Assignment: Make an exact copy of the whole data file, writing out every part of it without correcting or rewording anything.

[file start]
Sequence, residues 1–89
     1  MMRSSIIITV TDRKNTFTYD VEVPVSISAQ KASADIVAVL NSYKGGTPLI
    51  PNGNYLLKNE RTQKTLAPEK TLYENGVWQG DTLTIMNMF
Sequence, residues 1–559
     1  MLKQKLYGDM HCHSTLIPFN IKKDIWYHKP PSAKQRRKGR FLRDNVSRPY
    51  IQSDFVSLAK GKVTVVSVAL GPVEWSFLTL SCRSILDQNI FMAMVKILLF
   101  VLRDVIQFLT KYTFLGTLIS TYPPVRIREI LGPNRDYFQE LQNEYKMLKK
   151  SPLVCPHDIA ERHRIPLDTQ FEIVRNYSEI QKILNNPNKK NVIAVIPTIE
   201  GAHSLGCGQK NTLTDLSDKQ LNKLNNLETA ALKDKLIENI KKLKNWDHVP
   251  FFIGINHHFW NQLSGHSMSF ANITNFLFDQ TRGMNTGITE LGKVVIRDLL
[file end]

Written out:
Sequence, residues 1–89
     1  MMRSSIIITV TDRKNTFTYD VEVPVSISAQ KASADIVAVL NSYKGGTPLI
    51  PNGNYLLKNE RTQKTLAPEK TLYENGVWQG DTLTIMNMF
Sequence, residues 1–559
     1  MLKQKLYGDM HCHSTLIPFN IKKDIWYHKP PSAKQRRKGR FLRDNVSRPY
    51  IQSDFVSLAK GKVTVVSVAL GPVEWSFLTL SCRSILDQNI FMAMVKILLF
   101  VLRDVIQFLT KYTFLGTLIS TYPPVRIREI LGPNRDYFQE LQNEYKMLKK
   151  SPLVCPHDIA ERHRIPLDTQ FEIVRNYSEI QKILNNPNKK NVIAVIPTIE
   201  GAHSLGCGQK NTLTDLSDKQ LNKLNNLETA ALKDKLIENI KKLKNWDHVP
   251  FFIGINHHFW NQLSGHSMSF ANITNFLFDQ TRGMNTGITE LGKVVIRDLL